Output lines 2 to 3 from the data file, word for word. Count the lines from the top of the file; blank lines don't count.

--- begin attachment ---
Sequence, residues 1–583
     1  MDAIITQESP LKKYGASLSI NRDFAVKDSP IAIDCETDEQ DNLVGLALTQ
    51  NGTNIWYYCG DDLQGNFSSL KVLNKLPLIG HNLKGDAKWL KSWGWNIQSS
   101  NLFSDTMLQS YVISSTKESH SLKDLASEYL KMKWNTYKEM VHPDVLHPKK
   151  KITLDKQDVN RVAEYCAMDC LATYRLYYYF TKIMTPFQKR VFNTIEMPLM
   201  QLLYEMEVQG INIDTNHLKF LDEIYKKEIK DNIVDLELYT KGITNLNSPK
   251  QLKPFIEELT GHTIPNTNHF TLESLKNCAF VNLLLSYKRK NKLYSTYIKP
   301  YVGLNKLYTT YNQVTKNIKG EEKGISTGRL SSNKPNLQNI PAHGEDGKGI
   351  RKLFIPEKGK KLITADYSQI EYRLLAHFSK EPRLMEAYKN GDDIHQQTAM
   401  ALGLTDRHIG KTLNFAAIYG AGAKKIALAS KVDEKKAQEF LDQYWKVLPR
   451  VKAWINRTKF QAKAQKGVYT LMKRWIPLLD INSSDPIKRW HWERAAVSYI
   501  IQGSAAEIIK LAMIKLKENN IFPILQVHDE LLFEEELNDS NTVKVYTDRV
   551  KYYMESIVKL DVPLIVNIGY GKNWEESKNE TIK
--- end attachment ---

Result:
     1  MDAIITQESP LKKYGASLSI NRDFAVKDSP IAIDCETDEQ DNLVGLALTQ
    51  NGTNIWYYCG DDLQGNFSSL KVLNKLPLIG HNLKGDAKWL KSWGWNIQSS